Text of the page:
After the outbreak of the Second World War Kleist was recalled to active duty and led the XXII Motorised Corps in the Invasion of Poland, during which his corps broke through the southern wing of the Polish army. In May 1940 Panzer Group Kleist was formed, the first operational formation of several Panzer corps in the Wehrmacht. Panzer Group Kleist played an important role in the Invasion of Belgium and the Invasion of France. It spearheaded the German breakthrough in the Ardennes and reached the sea, forming a huge pocket containing several Belgian, British, and French armies.[4] Kleist was promoted to Colonel-General on 19 July 1940 and received the Knight's Cross of the Iron Cross. In April 1941 Panzer Group Kleist was renamed into 1st Panzer Group and spearheaded the invasions of Yugoslavia and Greece.[5]

Invasion of the Soviet Union[edit]

In June of 1941, he led 1st Panzer Group in Operation Barbarossa as part of Army Group South. The 1st Panzer Group was responsible for the breakthrough of the Stalin Line. It later defeated the Red Army in the Battle of Brody, one of the largest tank engagements of the war, which involved over 3400 Soviet tanks and 750 German tanks. By 26 September 1941, 1st Panzer Group together with 2nd Panzer Group led by Colonel-General Heinz Guderian had captured over 800 Soviet tanks and took about 650,000 prisoners of war in the tank battles of Uman and Kiev. In recognition of their achievements, the Kleist and Guderian tank groups were converted into panzer armies at the beginning of October 1941, which made their commands equivalent to other army commanders. After operations at Kiev concluded, Kleist's 1st Panzer Army advanced east to capture the industrial Donbass region. On 26 September, the Battle of the Sea of Azov began as the Southern Front launched an attack on the northern shores of the Sea of Azov against the German 11th Army, which was advancing into the Crimea. On 1 October the 1st Panzer Army swept south and encircled the two attacking Soviet 9th and 18th armies, by 11 October both Soviet armies had been destroyed. The Soviet forces suffered extremely heavy losses with over 100,000 men captured as well as 760 artillery pieces and 200 tanks destroyed or captured in the pocket alone.[6] By the end of October, the 1st Panzer Army had taken the Donbass region.[6] On 17 November, after the German forces crossed the Mius river and captured 10,000 Soviet troops, the Battle of Rostov began. On 19 November 1941 the 1st Panzer Army reached Rostov and the following day, they seized the bridge over the river Don, the last barrier before the Caucasus. On 21 November the Germans took Rostov,[7] but on 27 November the Southern Front led by General Yakov Cherevichenko as part of the Rostov Strategic Offensive Operation, counter-attacked the 1st Panzer Army's over-extended spearhead from the north, forcing them to pull out of the city. By 2 December 1941, the Soviet forces had retaken Rostov and the 1st Panzer Army was forced to withdraw back to the Mius River, near Taganrog.[7] This was the first major German withdrawal of the war.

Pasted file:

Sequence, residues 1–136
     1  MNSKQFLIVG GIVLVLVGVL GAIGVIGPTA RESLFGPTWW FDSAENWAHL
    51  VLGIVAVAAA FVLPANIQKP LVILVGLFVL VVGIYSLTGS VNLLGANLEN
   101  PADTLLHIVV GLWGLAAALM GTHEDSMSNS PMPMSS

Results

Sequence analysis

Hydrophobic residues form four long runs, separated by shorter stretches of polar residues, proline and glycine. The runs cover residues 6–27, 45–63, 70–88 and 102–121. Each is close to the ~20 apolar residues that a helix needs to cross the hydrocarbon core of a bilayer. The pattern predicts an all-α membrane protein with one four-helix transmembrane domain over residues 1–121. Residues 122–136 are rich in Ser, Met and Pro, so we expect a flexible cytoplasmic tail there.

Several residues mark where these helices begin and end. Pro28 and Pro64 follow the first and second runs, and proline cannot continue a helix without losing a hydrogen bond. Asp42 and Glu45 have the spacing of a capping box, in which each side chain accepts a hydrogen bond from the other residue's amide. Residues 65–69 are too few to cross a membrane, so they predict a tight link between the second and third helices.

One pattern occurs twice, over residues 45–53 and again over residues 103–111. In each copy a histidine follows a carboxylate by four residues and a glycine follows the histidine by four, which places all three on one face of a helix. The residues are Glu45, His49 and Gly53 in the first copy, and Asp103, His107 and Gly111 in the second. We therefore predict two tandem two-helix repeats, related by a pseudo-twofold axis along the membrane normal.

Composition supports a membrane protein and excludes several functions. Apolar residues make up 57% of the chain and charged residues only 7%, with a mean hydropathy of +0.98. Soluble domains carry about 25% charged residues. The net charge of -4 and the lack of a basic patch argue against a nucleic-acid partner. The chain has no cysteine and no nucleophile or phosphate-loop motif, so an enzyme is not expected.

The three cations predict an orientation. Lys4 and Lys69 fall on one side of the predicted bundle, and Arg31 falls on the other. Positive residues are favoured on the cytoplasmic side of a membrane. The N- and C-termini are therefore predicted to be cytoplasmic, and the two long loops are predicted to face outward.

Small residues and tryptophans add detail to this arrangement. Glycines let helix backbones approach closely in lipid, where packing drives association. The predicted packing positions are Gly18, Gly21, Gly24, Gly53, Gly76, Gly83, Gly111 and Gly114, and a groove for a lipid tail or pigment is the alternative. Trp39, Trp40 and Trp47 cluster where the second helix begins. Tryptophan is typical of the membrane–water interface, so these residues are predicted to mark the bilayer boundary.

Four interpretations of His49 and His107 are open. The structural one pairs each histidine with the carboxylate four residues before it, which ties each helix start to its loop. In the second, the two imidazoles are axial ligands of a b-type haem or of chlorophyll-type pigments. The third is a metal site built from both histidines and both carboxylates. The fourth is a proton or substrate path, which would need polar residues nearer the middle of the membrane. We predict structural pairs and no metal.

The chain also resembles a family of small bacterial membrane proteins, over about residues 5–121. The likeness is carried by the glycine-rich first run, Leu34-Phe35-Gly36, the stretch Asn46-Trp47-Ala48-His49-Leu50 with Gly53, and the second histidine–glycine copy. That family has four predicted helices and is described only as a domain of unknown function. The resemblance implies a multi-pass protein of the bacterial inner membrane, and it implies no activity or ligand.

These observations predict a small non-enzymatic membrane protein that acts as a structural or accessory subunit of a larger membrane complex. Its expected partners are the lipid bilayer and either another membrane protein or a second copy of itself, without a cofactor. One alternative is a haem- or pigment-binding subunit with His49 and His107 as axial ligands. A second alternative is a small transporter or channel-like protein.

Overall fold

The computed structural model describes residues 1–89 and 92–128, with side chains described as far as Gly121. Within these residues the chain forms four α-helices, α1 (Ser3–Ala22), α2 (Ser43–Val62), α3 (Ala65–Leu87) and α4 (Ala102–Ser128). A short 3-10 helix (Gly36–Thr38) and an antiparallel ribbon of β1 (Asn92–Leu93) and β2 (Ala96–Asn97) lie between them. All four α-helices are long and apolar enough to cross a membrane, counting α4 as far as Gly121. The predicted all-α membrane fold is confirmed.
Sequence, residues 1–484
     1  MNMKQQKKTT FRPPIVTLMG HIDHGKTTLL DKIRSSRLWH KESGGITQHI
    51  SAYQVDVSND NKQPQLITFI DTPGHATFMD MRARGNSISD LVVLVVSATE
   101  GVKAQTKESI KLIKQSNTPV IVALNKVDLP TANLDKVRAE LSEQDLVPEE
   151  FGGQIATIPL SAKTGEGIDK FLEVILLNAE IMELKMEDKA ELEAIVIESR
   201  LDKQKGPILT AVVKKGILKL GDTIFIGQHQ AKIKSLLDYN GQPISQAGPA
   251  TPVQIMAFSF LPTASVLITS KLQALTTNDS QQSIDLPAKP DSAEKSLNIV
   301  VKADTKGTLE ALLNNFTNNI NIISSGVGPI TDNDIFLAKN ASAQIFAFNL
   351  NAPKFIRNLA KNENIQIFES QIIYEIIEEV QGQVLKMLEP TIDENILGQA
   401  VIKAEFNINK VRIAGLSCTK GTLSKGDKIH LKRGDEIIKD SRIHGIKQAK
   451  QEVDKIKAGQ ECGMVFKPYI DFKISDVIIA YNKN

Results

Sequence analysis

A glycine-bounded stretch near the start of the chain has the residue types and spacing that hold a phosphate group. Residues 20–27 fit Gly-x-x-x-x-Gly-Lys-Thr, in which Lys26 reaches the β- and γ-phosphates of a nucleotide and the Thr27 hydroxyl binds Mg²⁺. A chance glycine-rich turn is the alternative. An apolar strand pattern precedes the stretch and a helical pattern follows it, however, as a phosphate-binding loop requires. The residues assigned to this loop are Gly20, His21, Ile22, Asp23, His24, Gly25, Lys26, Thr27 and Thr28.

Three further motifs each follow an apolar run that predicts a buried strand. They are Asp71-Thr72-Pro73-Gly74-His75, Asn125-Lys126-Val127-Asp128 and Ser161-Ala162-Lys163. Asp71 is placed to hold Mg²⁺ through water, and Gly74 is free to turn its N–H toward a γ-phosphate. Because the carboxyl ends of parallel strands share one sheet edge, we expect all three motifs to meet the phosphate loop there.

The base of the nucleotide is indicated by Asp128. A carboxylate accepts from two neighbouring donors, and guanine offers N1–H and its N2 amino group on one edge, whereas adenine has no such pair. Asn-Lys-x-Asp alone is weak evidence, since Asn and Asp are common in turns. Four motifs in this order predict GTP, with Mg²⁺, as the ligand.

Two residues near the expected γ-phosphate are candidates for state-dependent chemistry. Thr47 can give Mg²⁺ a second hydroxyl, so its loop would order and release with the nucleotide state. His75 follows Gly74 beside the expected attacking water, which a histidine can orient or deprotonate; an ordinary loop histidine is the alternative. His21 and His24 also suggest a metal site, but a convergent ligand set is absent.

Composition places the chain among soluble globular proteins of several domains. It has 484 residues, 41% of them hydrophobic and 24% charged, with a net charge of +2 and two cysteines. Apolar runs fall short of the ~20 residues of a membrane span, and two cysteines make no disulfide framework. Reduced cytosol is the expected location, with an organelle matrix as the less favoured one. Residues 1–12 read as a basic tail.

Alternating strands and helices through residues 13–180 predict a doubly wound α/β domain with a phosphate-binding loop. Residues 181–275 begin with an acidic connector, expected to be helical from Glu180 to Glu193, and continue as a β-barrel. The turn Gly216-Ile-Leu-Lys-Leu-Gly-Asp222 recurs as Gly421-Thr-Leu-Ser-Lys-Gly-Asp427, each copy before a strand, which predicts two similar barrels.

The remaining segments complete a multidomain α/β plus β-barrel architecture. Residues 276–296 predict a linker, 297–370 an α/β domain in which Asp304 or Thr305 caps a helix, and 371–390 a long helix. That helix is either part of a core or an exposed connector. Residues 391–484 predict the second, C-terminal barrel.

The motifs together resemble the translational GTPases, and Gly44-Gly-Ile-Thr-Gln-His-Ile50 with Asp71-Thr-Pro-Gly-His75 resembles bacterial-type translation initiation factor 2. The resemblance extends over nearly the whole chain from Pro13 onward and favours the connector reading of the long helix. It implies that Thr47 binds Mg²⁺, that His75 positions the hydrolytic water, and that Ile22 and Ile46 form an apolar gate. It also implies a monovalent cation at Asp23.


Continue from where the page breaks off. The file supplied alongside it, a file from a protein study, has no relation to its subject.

During the Second Battle of Kharkov on 17 May 1942 as part of Operation Fredericus, Kleist's 1st Panzer Army attacked the Barvenkovo bridgehead from the South, advancing up to ten kilometres in the first day of the attack. On 19 May, the German 6th Army led by General Friedrich Paulus launched an offensive north of the bridgehead, encircling the Soviet 6th Army and 57th Army.[8] After six days of encirclement, both armies were destroyed. By 28 May Kleist and Paulus's armies had captured 240,000 prisoners and destroyed or captured over 1250 Soviet tanks and 2000 artillery pieces.[8]